Oral Health Therapist
Oral health therapists diagnose dental decay and gum diseases, work together with dentists to provide routine oral health care for children and adults, and also help to promote oral health and preventive dental practices among school children and the broader community.
Oral health therapists may perform the following tasks:
- educate and motivate people to maintain good oral health
- promote oral health in the community by providing relevant education and information, and working with other health services and groups such as parents' groups, play groups and parents and citizens' associations, residential care settings and schools
- work to improve oral health within child care and elderly residential care and other health support settings, especially those that cater to people who do not have access to dental care
- provide routine dental treatment for people of all ages including dental examinations and diagnosis, cleaning, scaling and polishing teeth, filling cavities and extracting deciduous (baby) teeth under local anaesthetic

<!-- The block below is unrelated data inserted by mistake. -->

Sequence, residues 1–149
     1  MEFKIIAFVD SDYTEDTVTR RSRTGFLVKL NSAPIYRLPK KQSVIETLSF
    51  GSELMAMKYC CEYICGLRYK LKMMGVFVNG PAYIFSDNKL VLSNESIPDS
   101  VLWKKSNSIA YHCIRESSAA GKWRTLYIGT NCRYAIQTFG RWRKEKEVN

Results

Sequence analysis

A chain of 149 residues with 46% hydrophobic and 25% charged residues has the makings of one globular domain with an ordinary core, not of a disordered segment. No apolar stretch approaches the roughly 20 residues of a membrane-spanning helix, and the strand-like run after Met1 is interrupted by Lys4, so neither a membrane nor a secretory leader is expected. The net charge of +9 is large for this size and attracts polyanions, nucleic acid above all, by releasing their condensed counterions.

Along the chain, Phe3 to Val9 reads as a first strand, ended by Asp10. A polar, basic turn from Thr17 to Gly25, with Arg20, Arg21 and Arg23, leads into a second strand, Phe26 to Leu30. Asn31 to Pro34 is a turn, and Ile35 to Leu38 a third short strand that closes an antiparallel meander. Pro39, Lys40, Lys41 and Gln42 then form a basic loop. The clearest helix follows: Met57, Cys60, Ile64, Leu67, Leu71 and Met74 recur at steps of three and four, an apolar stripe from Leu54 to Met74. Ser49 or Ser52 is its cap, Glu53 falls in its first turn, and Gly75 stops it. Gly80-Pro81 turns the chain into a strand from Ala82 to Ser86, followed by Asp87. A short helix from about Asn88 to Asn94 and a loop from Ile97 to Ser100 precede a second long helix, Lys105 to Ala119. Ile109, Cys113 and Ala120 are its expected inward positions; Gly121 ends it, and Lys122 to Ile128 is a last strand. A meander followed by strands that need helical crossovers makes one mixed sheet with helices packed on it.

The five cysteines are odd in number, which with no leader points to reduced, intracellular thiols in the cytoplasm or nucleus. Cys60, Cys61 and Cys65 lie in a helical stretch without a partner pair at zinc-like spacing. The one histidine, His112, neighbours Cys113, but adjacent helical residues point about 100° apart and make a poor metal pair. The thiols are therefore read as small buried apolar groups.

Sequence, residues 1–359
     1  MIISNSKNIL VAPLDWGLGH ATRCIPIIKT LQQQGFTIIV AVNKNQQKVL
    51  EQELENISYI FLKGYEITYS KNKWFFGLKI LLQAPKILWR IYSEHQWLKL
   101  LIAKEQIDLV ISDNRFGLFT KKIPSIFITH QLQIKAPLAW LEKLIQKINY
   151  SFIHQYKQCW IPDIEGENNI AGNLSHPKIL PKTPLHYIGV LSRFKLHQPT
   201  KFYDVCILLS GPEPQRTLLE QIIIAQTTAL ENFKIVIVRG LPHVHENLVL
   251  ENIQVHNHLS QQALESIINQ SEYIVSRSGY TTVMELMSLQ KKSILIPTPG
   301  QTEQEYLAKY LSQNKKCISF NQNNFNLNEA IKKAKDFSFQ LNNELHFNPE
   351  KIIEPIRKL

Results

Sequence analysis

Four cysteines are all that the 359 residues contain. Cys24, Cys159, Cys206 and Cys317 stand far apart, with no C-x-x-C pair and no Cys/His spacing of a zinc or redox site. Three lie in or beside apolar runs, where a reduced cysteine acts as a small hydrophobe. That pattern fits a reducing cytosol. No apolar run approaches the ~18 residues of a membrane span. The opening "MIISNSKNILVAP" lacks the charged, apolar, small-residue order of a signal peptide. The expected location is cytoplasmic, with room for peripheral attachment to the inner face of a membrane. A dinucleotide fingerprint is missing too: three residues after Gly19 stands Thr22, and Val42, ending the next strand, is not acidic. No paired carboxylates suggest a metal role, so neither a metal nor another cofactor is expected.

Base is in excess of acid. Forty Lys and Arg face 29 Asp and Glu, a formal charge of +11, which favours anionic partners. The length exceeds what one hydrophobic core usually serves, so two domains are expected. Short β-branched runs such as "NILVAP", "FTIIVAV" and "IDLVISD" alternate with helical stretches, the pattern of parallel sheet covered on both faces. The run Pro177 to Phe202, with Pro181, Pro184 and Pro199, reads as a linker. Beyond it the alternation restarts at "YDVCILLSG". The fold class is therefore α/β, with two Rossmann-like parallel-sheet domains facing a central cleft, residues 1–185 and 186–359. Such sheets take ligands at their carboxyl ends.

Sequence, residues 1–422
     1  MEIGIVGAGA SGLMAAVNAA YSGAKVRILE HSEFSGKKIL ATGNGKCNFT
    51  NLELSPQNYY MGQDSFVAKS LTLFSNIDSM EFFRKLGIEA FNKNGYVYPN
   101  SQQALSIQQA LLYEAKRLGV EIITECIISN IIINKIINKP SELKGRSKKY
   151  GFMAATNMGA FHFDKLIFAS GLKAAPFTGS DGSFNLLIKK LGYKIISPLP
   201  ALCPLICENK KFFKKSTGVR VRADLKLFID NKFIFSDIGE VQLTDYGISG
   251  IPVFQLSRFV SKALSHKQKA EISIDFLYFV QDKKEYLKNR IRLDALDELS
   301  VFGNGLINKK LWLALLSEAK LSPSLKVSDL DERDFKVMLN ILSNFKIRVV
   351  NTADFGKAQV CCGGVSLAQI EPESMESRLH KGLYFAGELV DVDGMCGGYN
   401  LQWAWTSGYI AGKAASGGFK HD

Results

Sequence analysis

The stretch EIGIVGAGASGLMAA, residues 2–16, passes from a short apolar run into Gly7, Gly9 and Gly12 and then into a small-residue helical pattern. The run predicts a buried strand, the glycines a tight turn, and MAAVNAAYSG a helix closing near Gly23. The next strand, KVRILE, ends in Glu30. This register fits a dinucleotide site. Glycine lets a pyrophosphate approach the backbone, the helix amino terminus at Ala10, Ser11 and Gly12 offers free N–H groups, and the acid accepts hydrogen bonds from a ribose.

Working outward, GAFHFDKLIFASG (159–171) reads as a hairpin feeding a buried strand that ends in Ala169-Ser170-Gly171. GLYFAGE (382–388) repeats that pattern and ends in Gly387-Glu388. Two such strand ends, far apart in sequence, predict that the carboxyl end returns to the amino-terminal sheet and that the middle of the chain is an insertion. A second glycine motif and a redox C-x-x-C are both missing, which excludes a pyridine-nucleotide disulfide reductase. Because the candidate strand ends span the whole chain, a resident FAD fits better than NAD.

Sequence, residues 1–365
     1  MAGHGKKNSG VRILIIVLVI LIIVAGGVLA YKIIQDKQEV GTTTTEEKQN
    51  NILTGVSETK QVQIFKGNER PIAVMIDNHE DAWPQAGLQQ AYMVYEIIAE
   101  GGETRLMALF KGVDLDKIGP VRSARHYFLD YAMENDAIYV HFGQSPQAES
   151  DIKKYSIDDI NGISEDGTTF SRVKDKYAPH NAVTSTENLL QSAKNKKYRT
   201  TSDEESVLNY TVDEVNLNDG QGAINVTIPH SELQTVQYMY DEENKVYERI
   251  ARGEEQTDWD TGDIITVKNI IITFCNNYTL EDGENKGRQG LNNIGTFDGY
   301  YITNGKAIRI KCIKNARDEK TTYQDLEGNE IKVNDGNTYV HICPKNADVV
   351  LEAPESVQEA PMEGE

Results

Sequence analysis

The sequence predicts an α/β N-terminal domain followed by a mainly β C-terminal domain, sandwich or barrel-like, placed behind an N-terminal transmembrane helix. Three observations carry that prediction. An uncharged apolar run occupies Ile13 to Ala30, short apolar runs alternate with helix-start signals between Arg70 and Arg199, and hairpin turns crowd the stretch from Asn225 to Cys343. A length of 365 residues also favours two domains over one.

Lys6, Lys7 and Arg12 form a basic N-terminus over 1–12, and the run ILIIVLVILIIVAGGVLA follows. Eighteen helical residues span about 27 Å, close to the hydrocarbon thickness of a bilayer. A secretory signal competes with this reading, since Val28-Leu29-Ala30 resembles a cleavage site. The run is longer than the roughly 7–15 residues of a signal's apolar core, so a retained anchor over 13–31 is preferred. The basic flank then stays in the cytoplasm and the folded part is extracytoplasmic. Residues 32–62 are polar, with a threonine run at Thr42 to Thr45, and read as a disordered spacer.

- treat people of all ages for gum conditions, take X-rays of teeth and jaws, apply sealants and fluoride therapy, and take impressions for mouthguard construction
- bring more complex dental problems to the attention of dentists
- liaise with other healthcare providers to support oral health as part of general health.
Oral health therapists who work in the public sector may be required to work anywhere in their state or territory, although individual preferences and applications for specific positions are taken into account.
- interested in health and wellbeing
- good hand-eye coordination
- able to do precise and detailed work
- good communication skills
- able to establish rapport with both children and adults
- able to work as part of a team.
Education and Training, Employment Opportunities and Additional Information
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